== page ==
I am vociferously passionate about good books. And I hate adverbs.
This is about being broken in a way I can understand.
This is also about bdsm that I can understand. This is beautiful in many ways, but especially in the way where it tells me there is hope. There is always hope.
Thomas is a Dom, but he also a good, soft spoken and gentle man. Someone to lean on in a storm. Peter has been so broken by a self-proclaimed Dom, one who did not follow any rules—the very opposite of Thomas.
The slow putting-back-together of Peter is really beautiful. Thomas takes great care to be gentle, and for the first time ever, I see a Dom who cuts out the whole chapter of pain in a contract.
That has always been my one, big hangup with bdsm. I cannot take pain. And god knows Peter's already had his share of it. So it was so good to see how things can adapt around the actual players.
Finally, here, I can see the other ways of doing it, the submission, the flying, the respect, and yes, the love. It was simply magnificent. There is a fantastic description of subspace, and of aftercare, and of the feeling of showing how special someone is. Of saluting and respecting the one who gives up the control completely.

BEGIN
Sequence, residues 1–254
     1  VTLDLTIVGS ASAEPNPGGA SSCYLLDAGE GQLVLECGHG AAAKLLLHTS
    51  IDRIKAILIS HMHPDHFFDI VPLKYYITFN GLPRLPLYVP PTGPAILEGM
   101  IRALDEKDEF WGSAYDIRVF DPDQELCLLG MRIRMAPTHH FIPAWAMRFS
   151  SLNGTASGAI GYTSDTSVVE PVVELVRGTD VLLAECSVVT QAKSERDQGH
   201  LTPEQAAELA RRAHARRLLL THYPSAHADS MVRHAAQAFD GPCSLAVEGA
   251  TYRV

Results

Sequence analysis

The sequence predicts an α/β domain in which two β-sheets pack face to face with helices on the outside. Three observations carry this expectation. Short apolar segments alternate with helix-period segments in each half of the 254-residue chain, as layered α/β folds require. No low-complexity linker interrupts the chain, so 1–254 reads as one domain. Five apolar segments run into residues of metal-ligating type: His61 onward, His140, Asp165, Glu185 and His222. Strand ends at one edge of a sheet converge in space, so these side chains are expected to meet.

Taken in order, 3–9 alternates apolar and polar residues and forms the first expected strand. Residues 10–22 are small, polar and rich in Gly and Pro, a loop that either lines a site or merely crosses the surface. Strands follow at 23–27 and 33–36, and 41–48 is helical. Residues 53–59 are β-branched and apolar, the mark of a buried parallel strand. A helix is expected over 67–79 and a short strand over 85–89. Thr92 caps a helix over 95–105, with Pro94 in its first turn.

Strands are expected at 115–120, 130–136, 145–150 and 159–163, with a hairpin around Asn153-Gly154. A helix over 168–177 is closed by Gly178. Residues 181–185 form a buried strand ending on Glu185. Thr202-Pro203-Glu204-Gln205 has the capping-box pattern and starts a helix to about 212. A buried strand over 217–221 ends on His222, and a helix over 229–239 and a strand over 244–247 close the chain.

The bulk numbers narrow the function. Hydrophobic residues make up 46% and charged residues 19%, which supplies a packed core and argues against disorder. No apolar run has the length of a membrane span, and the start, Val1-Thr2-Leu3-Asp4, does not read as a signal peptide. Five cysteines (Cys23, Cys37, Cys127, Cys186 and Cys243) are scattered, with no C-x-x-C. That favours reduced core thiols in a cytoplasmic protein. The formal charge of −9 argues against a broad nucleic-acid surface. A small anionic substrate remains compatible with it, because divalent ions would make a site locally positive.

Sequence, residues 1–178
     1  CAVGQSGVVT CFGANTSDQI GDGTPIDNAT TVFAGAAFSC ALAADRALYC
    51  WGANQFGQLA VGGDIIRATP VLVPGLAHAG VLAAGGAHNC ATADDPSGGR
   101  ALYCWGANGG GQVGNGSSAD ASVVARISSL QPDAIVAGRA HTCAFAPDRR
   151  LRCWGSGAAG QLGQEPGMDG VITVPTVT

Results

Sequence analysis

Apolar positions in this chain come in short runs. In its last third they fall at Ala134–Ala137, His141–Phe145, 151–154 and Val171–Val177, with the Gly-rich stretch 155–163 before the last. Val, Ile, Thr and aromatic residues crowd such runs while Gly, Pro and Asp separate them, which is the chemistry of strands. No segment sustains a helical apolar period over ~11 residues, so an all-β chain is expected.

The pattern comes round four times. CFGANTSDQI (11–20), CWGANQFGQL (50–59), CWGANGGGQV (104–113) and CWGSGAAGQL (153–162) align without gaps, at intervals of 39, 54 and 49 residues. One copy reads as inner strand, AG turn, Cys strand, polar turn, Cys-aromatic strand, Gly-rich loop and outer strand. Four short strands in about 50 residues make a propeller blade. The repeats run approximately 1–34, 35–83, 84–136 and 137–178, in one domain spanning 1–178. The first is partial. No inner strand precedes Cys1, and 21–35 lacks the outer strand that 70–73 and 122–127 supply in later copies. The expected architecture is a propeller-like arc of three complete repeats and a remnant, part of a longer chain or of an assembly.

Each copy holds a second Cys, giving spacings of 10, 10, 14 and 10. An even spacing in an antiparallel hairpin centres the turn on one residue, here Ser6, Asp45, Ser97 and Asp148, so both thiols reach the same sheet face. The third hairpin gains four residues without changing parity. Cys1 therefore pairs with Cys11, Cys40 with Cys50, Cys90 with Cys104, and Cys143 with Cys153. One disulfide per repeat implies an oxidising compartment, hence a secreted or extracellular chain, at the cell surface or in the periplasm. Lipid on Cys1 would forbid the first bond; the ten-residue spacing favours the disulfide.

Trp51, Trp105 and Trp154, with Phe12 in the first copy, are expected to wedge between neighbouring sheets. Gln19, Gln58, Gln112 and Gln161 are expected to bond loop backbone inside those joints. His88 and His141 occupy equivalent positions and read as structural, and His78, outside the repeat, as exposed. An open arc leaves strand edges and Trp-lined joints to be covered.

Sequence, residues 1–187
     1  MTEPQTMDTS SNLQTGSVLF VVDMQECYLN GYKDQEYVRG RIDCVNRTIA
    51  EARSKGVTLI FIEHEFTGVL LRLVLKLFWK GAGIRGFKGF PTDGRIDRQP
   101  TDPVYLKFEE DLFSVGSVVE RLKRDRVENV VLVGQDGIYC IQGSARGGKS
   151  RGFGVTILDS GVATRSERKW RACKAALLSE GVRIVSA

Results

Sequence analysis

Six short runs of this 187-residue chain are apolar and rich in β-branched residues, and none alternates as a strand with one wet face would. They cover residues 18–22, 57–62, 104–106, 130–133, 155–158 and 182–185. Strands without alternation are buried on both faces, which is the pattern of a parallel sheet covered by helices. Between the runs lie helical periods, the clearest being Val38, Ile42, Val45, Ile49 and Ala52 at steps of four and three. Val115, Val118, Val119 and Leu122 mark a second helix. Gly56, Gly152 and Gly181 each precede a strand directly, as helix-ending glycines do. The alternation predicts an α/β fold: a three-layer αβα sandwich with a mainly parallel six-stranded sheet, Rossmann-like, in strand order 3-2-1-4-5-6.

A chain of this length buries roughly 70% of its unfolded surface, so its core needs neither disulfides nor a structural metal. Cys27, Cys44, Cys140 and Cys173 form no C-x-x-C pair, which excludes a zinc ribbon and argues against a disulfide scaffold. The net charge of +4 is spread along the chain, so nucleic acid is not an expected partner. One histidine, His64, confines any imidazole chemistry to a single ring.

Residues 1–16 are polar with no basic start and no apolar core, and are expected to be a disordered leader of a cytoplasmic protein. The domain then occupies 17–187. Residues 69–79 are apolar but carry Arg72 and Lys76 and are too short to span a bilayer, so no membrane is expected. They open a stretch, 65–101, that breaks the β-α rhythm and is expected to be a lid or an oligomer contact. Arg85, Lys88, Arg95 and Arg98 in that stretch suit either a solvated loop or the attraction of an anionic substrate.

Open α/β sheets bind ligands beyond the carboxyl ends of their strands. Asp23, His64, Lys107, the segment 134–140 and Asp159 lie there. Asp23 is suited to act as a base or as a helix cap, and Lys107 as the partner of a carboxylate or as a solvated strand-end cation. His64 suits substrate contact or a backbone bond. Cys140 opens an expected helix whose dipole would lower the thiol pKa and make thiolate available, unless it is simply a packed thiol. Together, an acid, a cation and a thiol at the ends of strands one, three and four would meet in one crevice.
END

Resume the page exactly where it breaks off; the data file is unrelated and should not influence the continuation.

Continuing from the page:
Simply fabulous. This? I can understand.
What had an unsound ring?
The mandatory leaking butthole. First, it's kind of crazy, anatomically (seriously, nothing comes out of my butthole unless I say so. I don't need to be a gay man to have had this kind of experience, so sue me, it doesn't happen). Second, I don't know why people always have to describe this, as if it were sexy. It's not. (Or, it's about as sexy as describing the whole washing that precedes the buttsexing, been there, done that. Oh, nobody writes about that, huh? For a Reason, people. For a Reason).
And then there is a whole part of the story about the bad guys, and it's (perhaps?) dealt with a little bit too easily for my taste, because seriously, someone with enough clout to have a whole police investigation of selling young boys into sexual slavery go away, isn't likely to get snared as fast as he was in this book. Then again, I hate angst, so there you go. For me, it was a definite plus!
The cover? Shall we talk about the cover? Yes, we shall. Ah, but why are there always headless torsos in m/m romance? Silly. Please, cease and desist, publishers. Nuff said.
To sum this all up: The story was beautiful. Peter very quickly turned into a special boy in my eyes, and Thomas? Oh, Thomas.
I feel I can lean my head against your shoulder, and just relax. Thank you.
I received a free ARC from the publisher, Dreamspinner Press. A positive review was not promised in return.